Tuesday 6
Trajectories of resilience
Craig Allen
› 15:40 - 16:40 (1h)
› JOFFRE A
Livestock systems' trajectories over the long term: which adaptations for which resilience? The case of family farms in the Amazon
Nathalie Cialdella, Soraya Carvalho, Laura Fereira, Livia Navegantes Alves, René Poccard-Chapuis, Jean-François Tourrand  1@  
1 : Centre de Coopération Internationale en Recherche Agronomique pour le Développement  (CIRAD)  -  Website
Centre de coopération internationale en recherche agronomique pour le développement [CIRAD]
Campus de Lavalette, Av. Agropolis, 34398, Montpellier -  France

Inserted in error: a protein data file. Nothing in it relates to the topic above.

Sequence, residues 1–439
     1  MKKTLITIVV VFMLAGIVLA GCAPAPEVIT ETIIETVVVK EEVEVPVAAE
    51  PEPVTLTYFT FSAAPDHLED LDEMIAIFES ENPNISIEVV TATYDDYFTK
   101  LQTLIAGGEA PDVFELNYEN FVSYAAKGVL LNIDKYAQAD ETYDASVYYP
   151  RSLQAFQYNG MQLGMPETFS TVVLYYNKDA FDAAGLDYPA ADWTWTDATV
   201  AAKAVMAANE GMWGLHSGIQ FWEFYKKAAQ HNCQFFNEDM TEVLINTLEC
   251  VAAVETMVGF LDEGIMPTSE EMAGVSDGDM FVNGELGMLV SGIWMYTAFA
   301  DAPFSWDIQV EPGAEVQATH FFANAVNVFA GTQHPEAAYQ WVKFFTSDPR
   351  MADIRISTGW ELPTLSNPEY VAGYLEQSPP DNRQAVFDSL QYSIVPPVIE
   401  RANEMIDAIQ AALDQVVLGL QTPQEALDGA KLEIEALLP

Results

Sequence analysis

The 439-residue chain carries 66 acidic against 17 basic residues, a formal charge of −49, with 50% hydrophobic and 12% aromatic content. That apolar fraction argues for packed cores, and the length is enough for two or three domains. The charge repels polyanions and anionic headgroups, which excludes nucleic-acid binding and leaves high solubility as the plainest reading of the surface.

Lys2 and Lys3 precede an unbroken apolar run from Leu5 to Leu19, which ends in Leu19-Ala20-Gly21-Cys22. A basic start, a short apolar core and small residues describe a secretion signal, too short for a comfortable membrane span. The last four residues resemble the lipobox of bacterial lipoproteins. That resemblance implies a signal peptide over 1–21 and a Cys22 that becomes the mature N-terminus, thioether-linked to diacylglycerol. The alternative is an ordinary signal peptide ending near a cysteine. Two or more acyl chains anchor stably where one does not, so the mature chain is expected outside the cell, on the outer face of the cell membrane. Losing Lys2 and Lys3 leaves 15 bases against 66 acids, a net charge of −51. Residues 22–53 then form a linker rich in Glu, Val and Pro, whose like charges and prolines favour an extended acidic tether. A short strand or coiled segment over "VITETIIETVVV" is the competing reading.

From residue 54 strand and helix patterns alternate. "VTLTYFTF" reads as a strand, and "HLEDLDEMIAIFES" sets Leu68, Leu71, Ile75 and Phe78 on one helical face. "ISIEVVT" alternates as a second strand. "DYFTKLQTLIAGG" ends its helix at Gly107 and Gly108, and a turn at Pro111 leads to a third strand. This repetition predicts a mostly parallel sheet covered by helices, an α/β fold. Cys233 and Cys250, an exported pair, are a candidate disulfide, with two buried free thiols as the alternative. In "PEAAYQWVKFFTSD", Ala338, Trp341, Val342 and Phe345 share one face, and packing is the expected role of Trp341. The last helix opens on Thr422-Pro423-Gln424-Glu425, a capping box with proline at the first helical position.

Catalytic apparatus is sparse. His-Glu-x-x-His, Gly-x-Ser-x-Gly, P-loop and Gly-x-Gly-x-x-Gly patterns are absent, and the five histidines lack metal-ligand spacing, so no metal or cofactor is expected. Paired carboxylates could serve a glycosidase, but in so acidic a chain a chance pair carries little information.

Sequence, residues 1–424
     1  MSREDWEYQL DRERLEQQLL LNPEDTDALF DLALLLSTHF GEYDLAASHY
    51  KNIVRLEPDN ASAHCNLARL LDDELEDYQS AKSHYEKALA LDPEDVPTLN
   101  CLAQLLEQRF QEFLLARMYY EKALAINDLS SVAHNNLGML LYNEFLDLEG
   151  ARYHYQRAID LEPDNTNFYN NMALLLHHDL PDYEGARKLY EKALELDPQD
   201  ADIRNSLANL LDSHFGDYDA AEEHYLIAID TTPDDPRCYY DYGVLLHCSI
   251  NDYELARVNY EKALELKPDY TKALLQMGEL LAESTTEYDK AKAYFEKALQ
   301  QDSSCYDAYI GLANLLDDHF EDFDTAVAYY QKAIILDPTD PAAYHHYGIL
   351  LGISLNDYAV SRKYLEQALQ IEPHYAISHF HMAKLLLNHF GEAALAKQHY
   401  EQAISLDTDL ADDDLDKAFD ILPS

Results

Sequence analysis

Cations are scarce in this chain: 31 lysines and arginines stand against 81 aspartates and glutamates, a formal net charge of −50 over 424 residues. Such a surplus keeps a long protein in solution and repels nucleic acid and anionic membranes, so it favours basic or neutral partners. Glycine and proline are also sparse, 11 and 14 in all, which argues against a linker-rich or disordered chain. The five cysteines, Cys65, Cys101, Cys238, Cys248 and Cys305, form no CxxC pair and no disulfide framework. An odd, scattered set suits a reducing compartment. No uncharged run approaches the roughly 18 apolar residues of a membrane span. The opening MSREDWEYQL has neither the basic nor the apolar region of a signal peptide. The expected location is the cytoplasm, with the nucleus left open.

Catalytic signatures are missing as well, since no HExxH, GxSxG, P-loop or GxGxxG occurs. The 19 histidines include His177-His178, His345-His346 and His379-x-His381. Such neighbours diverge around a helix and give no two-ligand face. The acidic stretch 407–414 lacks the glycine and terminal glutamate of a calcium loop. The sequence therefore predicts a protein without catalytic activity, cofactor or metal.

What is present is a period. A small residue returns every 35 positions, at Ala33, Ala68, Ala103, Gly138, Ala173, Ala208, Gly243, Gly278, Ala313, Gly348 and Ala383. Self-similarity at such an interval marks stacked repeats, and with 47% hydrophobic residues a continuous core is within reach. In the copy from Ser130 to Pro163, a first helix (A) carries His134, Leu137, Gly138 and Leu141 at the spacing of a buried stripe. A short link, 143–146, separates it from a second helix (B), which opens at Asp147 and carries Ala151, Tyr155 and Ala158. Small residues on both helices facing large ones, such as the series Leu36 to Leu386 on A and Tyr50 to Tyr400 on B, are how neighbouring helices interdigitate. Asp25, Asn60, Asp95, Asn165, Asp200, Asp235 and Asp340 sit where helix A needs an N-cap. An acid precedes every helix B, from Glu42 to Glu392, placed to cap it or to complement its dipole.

On the pioneer fronts in the Brazilian Amazon since the 60s, livestock breeding has been fundamental to maintain small-scale farms on the medium and long-term (Santiago, 1976; Boudet, 1983; Veiga et al. 2004; Toni et al., 2005). Indeed, this activity is less exposed to risks than other agricultural products, especially concerning the variability of prices. Family farms, which are often diversified, managed to build and adapt small structures to an uncertain political and natural environment thanks to livestock farming. Despite the current consolidation of public institutions and a strong regional economic dynamism, many factors still weaken family farms on the long term such as isolation, lack of system board and suitable credit etc. in the pioneer fronts. (Poccard - Chapuis, 2004). Moreover, the rapid vegetation dynamics in the humid tropics complicate the management of pastures and of cultivated plots (Navegantes, 2009). In this context, livestock farming offers solutions to get out of precarious situations and further on allows investments in equipment, agricultural inputs and sometimes the purchase of land (Ferreira, 2001; Veiga et al 2004.). However, this trend covers a variety of trajectories and adaptations of production systems whatever farms have been created from virgin land or on existing farms. A cross-analysis of two local studies of farms trajectories shows that livestock systems are resilient because of some mechanisms of adaptation to risks and economic uncertainties. Thus, small farmers have developed two types of trajectories: a first type is more stable than the second, which is more changeable and opportunistic. In the last type of trajectories, adjustments and changes in the orientation of livestock production and in practices are more frequent. On the one hand, stable trajectories have a positive effect on the ecological balance of pastures in their environment (Navegantes, 2012). The more livestock projects are stable over time, the more control and grassland management is efficient on the technical and economic dimensions and thus provide sustainability to livestock systems. On the other hand, stable trajectories lead to increase the added value of livestock products through the valuation of milk and strengthen the economic efficiency of the production systems. The results show that opportunistic and changing trajectories frequently mean precarious socio -economic conditions for the families (Carvalho, 2012). In the Amazon, livestock systems show adaptive mechanisms that allow long term consolidation of small farm trajectories. The concept of resilience is then relevant at this level of analysis. However, this concept has two limitations in this example. Firstly, livestock systems are built after the cut of the primary forest. As a consequence, the ecosystem functioning is deeply altered, mainly with a loss of biodiversity and a decrease in soils' fertility. Secondly, resilience and the long term step is hardly taken into account by the farmers', who rather seek to build new and more favorable situations, including radical and quick changes in their activity systems (Vaz et al., 2012) than preserve their farms from chocks or prepare the transfer to the young generation.


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